For the past few weeks, I’ve been dealing with a painful pinched nerve that has given me sleepless nights, doctor visits, uncomfortable steps and one trip to the emergency room.
But try telling that to the garden.
While I have been down and almost out, the garden has continued its progress. The beans are starting to cling to the fence; the cucumbers are spreading on their hills; the corn plants are swirling out of the ground.
I limp, but the plants stand strong. I can’t squat and pick, but the strawberries continue to ripen. The garden needs daily attention that my body has been unable to provide. But my children and the Green Thumbs have come to the rescue.
On many afternoons as I have moved uncomfortably around the house, my sons have gone after school to check on the garden.
They return with reports such as, “We raked all the rows,” or “We decided not to water because it rained yesterday.”
They tell me who they see when they visit — our neighbors, the garden angel who coordinates the community project, other Green Thumbs.
One afternoon, they helped fellow gardeners plant more rows of peppers. On a weekend visit, they helped water the garden after one of the Green Thumbs fertilized the plants. They posted an American flag in the garden.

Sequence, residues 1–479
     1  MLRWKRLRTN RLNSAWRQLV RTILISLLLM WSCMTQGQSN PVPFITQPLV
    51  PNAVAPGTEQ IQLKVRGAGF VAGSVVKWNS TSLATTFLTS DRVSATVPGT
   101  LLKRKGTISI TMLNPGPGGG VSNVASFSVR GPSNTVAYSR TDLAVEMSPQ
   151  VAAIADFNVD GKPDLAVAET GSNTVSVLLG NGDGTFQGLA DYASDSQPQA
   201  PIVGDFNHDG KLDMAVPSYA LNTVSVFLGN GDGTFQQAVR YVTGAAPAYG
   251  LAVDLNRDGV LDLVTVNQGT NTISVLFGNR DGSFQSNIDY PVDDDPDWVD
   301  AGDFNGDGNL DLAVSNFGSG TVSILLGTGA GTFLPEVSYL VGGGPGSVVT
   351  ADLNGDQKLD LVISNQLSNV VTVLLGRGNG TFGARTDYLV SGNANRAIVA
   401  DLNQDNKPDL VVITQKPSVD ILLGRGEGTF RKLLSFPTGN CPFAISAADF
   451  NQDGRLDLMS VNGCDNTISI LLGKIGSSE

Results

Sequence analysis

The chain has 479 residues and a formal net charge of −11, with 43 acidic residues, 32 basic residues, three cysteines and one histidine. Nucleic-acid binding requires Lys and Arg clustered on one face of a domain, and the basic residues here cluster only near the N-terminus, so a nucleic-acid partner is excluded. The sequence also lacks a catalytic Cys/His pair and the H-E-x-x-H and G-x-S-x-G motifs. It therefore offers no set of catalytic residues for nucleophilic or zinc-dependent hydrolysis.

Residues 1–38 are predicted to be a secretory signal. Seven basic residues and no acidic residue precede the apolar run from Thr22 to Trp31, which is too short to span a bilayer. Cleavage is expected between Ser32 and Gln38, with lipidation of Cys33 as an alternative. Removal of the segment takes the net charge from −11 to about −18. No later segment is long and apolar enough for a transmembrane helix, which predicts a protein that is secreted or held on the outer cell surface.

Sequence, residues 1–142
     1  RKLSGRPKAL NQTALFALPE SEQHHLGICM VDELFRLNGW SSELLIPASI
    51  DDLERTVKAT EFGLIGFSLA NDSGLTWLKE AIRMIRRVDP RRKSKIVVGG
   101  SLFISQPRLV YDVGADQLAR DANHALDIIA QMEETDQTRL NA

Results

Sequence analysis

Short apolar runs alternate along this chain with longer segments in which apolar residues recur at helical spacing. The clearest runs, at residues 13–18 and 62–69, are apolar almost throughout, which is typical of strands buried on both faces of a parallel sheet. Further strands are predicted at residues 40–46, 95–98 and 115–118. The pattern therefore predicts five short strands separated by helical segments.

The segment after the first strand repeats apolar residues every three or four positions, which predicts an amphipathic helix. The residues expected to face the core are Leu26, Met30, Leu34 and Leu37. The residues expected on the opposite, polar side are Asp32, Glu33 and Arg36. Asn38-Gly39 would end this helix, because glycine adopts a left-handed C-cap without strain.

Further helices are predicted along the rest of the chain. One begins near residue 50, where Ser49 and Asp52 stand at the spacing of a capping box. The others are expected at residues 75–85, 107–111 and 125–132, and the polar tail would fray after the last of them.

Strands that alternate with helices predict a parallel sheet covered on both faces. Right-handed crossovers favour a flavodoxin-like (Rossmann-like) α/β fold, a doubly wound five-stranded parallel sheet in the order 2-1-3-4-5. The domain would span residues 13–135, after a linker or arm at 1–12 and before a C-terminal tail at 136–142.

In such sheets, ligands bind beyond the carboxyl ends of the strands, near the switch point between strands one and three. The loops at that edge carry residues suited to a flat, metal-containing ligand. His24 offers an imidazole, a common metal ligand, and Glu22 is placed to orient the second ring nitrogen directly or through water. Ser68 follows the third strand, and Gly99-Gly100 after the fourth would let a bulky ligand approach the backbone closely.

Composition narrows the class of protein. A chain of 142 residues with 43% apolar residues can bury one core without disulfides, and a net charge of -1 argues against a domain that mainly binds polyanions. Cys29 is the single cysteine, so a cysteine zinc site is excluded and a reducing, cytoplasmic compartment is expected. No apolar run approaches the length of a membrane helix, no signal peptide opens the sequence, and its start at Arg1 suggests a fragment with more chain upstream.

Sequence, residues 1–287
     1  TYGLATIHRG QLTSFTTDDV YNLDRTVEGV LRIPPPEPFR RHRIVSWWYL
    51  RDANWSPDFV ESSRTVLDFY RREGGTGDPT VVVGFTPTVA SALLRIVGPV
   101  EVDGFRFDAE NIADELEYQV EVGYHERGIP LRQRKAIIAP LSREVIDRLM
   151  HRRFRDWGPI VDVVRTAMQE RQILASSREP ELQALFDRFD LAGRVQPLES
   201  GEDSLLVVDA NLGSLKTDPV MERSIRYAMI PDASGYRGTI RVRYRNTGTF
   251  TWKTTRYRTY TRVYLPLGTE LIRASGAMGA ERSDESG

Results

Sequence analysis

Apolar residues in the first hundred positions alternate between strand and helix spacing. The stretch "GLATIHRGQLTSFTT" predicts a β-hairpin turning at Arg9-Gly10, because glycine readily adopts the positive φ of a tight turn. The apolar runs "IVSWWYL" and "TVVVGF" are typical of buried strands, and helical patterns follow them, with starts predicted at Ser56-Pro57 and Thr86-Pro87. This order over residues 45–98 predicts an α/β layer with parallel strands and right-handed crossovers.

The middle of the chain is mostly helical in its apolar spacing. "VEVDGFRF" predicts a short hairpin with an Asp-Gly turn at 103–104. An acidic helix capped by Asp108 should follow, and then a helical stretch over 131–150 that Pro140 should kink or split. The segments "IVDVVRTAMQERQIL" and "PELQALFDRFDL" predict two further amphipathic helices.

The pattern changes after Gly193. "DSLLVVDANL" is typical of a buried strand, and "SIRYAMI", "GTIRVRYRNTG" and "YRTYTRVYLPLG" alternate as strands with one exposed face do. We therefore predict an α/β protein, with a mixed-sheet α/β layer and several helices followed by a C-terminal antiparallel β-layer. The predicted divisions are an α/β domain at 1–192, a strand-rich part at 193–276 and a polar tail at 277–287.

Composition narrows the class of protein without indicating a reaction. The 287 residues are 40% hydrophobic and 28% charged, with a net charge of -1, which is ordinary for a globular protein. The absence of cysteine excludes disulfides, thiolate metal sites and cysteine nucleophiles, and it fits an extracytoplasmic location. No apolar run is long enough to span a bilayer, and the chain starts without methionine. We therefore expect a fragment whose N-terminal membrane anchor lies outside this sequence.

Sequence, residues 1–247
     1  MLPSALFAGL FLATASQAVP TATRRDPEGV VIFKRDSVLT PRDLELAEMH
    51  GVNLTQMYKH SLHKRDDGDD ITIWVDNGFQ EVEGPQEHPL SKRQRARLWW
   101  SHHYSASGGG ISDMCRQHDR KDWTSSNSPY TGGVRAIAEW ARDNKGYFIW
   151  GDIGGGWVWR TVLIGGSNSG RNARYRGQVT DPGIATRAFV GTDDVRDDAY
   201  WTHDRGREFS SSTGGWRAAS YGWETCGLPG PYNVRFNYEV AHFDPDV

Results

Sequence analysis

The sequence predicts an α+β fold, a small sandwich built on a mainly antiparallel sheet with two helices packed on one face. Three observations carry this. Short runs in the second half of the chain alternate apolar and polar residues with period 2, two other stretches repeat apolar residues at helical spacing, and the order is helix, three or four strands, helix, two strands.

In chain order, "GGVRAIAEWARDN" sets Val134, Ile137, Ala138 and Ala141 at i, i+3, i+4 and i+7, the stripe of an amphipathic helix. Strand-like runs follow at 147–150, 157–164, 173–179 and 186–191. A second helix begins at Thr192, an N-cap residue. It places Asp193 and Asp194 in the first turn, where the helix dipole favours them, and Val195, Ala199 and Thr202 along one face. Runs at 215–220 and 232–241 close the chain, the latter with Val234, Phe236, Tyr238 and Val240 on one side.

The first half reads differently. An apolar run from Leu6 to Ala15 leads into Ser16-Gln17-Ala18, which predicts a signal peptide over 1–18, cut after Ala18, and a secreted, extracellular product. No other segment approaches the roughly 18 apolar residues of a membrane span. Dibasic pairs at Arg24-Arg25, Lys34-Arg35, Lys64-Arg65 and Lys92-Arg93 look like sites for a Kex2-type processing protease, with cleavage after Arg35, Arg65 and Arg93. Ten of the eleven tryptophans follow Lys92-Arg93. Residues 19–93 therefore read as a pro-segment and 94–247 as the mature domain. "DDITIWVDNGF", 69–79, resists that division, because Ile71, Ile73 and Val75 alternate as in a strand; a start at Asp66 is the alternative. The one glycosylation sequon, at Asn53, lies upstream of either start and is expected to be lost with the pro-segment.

In addition, they have come home with containers full of strawberries. My oldest son has a special bowl that he likes to fill with the harvest because its bottom fits just right in the car cup holder, which prevents the generous amounts of berries from tipping over as he drives home.
Twice, he has spontaneously offered Solo cups full of the freshly-picked red fruit to others. One cup went to a farmer who shared her spinach, onions and radishes with our family. Another cup went to a friend who helped my son plant azaleas.
My youngest son added some of the strawberries that he and his brother picked to a spinach salad that we took to a cookout on Memorial Day weekend.
Watching them enjoy and share the harvest makes me feel like I’m missing out. I want to dig in the dirt and be a part of what’s growing, too.
My sons plan to pick more strawberries and tend to the garden again this afternoon before they tackle their homework.
My pinched nerve still bothers me. I can’t squat or lift, and I’m not sure if I can rake. But I’m pretty sure I can stand and hold a water hose. So I’m going with them to the garden today to do my small part.
The strawberries won’t wait for me to heal, but observing their beauty and tasting their juice just might be the best medicine for my pinched nerve. The visit to the garden itself should make me feel better. Hopefully, I’ll be back to picking and weeding soon because, like the strawberries, the vegetables in the garden won’t pause for pain either.